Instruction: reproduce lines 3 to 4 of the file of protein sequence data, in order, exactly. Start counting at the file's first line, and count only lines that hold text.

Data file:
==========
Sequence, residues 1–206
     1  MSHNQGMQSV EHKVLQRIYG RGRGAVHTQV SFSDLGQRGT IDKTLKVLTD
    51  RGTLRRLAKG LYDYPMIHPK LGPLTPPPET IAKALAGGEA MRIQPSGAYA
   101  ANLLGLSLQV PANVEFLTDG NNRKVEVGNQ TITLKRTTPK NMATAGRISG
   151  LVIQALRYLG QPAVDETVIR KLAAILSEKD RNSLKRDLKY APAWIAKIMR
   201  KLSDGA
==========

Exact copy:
    51  RGTLRRLAKG LYDYPMIHPK LGPLTPPPET IAKALAGGEA MRIQPSGAYA
   101  ANLLGLSLQV PANVEFLTDG NNRKVEVGNQ TITLKRTTPK NMATAGRISG